But Reagan was never asked the question.

However, when he was asked, while touring a plywood mill in Klamath Falls, Ore., on Saturday, how long Burford would be on the job, Reagan replied, "as long as she wants to."

Even though Reagan had foreclosed firing Burford, Meese and Watt had securely set the wheels in motion for Burford's departure. "Watt came to us in behalf of Burford and went back to Anne in behalf of us," one White House official said yesterday.

"I think Watt played quite a significant role in communication," said another administration official. "Watt is much more dispassionate. He could do what she couldn't do. He could analyze her situation and tell her what it was. He could tell her, 'Your situation is not good.' "

Meese was the one official who could assure Reagan that Burford's departure would "be done right," as another official put it. "Meese was the only one who could do it and give the president confidence it was being done in good taste . . . . She couldn't be run out of town on a rail without it making Reagan look tacky."

It was Meese who received the phone call that Burford was ready to resign; it was Meese whom she saw before delivering her resignation to the president; it was Meese and Watt who went to the White House residential quarters with her; and it was Meese who spoke with her afterwards in his office.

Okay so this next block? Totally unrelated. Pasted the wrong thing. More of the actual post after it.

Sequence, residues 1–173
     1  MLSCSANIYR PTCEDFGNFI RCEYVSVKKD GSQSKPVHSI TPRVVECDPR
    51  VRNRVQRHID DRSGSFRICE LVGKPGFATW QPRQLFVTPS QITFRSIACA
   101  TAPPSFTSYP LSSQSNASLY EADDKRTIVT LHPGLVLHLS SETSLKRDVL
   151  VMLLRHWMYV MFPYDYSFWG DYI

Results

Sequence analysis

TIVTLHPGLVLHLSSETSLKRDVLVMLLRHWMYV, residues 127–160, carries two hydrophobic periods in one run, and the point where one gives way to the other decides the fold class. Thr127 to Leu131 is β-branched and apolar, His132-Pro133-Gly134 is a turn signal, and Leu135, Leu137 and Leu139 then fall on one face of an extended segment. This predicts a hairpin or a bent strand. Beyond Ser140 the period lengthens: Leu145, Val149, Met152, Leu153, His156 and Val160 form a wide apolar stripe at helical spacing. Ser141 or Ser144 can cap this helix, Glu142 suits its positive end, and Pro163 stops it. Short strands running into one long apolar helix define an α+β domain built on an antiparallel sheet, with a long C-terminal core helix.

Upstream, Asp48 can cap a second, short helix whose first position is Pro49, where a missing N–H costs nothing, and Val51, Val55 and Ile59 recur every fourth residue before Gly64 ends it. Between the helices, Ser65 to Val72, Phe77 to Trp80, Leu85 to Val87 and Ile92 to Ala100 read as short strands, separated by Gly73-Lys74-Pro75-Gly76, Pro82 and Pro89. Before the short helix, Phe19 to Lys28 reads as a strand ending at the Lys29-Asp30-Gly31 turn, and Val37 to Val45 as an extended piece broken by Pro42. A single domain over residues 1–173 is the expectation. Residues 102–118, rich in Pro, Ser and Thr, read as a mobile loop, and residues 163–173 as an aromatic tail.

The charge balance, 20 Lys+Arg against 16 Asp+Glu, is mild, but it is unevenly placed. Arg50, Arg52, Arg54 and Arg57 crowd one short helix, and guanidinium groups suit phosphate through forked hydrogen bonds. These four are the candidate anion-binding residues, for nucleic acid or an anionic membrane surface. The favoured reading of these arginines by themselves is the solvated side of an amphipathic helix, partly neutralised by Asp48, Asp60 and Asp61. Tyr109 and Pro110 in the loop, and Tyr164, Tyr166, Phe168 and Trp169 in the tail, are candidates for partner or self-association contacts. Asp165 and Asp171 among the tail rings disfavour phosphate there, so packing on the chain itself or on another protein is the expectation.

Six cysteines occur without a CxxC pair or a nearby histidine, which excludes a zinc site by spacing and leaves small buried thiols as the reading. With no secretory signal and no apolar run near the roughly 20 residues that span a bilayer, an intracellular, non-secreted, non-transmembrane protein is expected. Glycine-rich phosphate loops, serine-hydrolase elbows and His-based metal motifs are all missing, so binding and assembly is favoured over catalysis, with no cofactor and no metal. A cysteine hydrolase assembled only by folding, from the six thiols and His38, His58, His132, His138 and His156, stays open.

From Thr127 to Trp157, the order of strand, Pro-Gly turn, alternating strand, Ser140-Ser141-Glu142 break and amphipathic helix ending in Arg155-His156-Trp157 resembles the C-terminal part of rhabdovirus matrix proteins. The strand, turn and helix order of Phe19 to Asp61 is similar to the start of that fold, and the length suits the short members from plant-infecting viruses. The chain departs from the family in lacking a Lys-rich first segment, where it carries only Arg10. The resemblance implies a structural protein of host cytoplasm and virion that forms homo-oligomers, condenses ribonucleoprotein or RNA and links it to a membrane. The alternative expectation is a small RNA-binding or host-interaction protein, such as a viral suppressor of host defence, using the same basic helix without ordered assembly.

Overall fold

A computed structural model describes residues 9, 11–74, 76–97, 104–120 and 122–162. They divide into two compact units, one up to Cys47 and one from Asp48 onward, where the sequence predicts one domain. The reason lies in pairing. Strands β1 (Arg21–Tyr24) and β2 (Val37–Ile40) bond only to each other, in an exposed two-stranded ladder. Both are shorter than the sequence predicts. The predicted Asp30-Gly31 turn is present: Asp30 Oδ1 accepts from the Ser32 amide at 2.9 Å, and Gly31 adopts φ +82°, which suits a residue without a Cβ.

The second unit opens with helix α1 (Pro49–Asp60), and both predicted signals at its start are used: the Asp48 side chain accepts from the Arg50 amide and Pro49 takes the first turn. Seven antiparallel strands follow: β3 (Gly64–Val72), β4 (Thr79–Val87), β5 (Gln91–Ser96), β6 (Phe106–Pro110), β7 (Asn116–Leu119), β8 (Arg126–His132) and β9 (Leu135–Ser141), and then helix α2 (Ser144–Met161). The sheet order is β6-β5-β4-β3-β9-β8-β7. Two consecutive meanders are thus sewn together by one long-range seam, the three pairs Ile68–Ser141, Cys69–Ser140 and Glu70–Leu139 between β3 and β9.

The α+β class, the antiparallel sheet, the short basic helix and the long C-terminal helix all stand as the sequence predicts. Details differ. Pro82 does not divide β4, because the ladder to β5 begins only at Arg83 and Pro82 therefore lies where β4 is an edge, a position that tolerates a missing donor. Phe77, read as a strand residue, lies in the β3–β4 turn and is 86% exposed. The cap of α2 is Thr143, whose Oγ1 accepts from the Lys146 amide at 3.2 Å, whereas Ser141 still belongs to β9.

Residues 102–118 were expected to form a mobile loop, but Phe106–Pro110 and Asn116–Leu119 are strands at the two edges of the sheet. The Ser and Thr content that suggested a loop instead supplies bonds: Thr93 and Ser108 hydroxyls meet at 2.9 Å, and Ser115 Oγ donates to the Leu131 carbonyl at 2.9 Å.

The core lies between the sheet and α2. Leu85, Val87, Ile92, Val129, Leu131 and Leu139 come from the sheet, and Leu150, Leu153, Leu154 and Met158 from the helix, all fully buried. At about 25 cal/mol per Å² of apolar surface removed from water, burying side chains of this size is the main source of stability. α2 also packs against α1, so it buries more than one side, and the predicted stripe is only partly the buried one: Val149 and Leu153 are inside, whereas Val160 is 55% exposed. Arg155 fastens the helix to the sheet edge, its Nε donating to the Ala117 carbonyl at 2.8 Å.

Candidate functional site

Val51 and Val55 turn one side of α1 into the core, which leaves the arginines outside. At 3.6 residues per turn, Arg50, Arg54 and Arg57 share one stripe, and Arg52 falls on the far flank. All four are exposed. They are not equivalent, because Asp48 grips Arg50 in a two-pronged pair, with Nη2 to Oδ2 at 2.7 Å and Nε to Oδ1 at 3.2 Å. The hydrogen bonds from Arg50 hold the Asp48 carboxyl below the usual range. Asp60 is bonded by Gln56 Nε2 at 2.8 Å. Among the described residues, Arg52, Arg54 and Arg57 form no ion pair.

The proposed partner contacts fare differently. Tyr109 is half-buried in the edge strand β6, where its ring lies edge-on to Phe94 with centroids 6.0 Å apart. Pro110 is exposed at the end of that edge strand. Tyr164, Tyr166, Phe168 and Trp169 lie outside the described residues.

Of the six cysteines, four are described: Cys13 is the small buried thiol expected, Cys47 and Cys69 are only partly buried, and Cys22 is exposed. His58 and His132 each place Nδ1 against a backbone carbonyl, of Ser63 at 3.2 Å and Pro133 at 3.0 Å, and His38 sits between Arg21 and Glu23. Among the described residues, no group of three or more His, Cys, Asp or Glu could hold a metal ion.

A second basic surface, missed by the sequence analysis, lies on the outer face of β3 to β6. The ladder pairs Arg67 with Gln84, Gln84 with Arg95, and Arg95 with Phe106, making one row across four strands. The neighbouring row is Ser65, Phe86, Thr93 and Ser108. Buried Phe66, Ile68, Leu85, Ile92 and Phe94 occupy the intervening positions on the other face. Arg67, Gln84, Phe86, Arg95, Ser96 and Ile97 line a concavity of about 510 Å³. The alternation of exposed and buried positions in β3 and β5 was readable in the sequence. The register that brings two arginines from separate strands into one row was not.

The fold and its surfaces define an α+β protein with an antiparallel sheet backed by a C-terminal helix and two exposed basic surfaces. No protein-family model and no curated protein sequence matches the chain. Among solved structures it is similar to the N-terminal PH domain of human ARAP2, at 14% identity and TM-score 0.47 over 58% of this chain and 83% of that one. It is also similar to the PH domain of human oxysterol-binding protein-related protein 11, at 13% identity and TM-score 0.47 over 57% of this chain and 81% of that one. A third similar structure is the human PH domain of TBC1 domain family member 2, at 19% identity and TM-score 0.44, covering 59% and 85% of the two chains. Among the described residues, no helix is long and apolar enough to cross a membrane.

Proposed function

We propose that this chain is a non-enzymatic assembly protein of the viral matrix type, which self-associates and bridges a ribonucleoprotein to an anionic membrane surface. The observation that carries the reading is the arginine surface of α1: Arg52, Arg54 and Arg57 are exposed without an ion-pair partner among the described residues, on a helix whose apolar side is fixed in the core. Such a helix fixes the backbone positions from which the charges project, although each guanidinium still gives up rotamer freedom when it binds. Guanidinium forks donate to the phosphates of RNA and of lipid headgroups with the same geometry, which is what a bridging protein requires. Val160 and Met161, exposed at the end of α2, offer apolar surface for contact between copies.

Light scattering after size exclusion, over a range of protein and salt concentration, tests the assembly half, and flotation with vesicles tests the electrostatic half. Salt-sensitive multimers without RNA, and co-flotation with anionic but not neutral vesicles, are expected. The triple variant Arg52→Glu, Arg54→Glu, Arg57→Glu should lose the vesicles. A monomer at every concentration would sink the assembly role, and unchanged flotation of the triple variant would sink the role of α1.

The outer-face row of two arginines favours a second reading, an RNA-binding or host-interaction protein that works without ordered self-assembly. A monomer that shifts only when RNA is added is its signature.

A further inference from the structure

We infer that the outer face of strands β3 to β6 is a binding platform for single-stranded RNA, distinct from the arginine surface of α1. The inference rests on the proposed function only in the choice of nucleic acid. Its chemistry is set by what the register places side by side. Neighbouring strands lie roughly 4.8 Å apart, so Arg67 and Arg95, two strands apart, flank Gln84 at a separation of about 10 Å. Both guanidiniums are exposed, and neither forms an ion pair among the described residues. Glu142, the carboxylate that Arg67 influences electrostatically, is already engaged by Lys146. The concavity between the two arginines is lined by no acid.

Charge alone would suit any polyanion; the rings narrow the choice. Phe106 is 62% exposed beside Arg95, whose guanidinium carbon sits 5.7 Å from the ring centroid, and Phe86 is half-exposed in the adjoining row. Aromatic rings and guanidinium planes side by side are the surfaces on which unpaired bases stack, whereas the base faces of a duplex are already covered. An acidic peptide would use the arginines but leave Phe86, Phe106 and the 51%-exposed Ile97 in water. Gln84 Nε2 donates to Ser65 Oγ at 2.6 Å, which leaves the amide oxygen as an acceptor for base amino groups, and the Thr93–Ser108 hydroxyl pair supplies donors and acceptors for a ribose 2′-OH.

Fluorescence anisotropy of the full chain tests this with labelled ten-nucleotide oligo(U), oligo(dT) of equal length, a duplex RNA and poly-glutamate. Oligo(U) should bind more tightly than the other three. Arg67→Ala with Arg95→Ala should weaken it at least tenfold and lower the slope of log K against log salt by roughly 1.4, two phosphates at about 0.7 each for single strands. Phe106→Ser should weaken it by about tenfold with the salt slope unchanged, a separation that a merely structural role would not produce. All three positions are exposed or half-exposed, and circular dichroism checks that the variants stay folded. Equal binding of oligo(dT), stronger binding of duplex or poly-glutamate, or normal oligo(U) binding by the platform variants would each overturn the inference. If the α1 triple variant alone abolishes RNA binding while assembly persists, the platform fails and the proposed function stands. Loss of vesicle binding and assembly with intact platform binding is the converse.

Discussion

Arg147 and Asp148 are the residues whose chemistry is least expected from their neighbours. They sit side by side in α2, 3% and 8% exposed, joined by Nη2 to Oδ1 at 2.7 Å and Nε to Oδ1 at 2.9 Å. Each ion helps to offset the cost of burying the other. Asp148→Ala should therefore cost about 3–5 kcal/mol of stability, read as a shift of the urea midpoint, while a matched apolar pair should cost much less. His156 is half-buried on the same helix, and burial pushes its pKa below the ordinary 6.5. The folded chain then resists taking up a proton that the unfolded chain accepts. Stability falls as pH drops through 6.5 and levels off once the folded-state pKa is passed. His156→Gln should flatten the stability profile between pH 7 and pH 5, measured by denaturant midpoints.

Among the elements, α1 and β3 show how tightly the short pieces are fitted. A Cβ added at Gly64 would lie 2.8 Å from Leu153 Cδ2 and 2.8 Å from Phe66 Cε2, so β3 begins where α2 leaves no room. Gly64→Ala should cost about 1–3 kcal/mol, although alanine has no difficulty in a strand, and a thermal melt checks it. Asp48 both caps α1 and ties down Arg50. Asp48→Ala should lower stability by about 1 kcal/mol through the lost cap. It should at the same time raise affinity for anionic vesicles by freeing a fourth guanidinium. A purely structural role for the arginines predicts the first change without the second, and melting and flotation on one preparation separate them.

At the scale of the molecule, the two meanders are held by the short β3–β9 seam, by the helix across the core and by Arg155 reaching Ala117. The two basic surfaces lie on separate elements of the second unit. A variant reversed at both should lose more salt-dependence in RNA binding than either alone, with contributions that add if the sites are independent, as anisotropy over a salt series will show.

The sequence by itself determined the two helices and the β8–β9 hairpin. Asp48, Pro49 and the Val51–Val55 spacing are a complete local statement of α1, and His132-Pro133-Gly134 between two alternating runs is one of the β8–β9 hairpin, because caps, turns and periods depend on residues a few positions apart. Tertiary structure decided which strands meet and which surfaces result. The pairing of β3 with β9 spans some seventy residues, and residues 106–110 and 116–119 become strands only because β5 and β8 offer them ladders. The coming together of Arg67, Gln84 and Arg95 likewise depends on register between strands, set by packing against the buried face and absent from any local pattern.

Other White House officials had given their blessings to the growing demand among Republicans for Burford's removal. In urging on Wednesday, hours before Burford quit, that she step down, New Jersey Gov. Kean knew that the White House welcomed his statement. Administration and New Jersey sources said Kean first asked Richard S. Williamson, White House assistant for intergovernmental affairs, whether New Jersey, which badly needs federal anti-pollution funds, would be stigmatized if he called for Burford's resignation.

Williamson, who reports to Baker, said it would be "okay with the White House," one source said.

"Tom left that conversation with the feeling that he had better not waste any time in calling for her resignation," the source said. The next day Kean flew from New Jersey to Washington, where he held a press conference urging Burford to "step down immediately."

Yesterday, the White House attempted to draw a veil of secrecy over the events leading up to the resignation, reportedly at Reagan's personal direction. Despite this, officials detailed events leading to Burford's resignation.

They said Baker, Fuller and presidential assistant Richard G. Darman, among others, had become convinced by early last week that the EPA controversy was damaging the Reagan presidency at the very time that signs of economic recovery were giving it a boost. Public opinion surveys showed that a significant majority of Americans were convinced that the EPA and Reagan were favoring business at the expense of the environment.